0370 270 6000

Adoption scorecards v stable adoption

16 March 2012

Local authorities will need to ensure that quality is not compromised as the new adoption scorecards are introduced, the first of which is due out in the next few weeks. Under the scheme local authorities will be scored on how long it takes to find adoptive parents for children in care. In principle this is a good idea, but in reality, will speed of adoption now trump the suitability of the placement?

Scorecards should be a step in the right direction, but they would be a more complete and useful tool if they also acted as an indicator of performance by taking account of adoption breakdowns. This would serve as encouragement to place children, not just promptly, but also appropriately and measure what is important – the success of the placement. A delay in placing a child for adoption can be damaging, an adoption break down can be devastating.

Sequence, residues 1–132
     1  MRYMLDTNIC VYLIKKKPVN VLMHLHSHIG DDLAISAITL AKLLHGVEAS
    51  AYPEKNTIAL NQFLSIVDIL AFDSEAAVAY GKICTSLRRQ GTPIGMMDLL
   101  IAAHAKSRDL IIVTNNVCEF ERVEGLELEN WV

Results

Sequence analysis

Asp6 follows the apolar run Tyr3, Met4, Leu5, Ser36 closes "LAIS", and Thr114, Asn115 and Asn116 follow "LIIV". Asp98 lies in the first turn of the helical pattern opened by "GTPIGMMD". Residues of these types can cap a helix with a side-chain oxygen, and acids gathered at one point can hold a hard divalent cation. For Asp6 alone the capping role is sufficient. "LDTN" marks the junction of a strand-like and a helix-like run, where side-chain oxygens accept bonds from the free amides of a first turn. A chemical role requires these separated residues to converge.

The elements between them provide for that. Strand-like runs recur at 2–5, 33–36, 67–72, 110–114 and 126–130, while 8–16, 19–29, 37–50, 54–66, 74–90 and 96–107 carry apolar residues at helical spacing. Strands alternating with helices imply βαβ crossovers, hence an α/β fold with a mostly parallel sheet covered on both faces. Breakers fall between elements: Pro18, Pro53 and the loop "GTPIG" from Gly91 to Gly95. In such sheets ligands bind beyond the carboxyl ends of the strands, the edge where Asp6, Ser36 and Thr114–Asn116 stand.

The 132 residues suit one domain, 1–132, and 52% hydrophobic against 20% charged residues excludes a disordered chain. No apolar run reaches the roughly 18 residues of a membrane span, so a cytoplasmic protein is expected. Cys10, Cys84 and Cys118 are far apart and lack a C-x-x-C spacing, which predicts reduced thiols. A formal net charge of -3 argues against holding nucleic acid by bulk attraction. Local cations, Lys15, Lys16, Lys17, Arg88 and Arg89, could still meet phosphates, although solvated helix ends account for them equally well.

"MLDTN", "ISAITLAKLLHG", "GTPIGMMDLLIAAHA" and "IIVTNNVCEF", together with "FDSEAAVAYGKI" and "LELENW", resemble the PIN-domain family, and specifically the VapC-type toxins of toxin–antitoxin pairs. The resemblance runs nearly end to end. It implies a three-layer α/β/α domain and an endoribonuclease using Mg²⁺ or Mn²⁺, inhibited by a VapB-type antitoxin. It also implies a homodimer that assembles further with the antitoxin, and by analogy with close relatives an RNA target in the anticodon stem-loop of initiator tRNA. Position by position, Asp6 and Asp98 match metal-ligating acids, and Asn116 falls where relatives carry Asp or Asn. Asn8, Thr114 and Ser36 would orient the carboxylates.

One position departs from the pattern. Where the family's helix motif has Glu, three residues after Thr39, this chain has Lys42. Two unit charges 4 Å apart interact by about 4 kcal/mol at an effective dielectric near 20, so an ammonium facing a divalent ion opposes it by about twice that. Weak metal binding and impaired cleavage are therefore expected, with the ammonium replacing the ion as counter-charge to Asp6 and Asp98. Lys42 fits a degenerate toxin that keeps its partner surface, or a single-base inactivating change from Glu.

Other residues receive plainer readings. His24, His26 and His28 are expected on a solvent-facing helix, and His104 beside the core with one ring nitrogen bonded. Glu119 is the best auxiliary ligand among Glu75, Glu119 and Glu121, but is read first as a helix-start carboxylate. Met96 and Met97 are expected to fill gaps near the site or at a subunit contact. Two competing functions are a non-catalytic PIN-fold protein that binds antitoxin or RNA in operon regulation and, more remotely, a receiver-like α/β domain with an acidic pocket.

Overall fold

Related opinions

Environmental Protection Act 1990 claims - the next big thing for claimant solicitors?

Over the last few years, our local authority and housing association clients have reported a significant increase in the number of claims received, usually from one of a specific group of claimant solicitors acting on behalf of tenants alleging a breach of their landlord’s repairing obligations.

View blog

School not liable for reckless actions of a student

The decision reinforces that the standard of the duty of care owed by schools is one or reasonableness.

View blog

Sports associations and clubs – keeping children safe from sexual abuse – Lessons learned from the Sheldon report

On 17 March 2020 a report by Clive Sheldon QC was published. He had been appointed by the FA back in December 2016 to carry out an independent review into allegations of sexual abuse by coaches and scouts working in youth football between 1970 and 2005.

View blog

The Debt Respite Scheme and its implications for creditors

The Debt Respite Scheme (Breathing Space Moratorium and Mental Health Crisis Moratorium) (England and Wales) Regulations 2020 is due to come into force on 4 May 2021. It’s a snappy title but what exactly is it?

View blog

Mailing list sign up

Select which mailings you would like to receive from us.

Sign up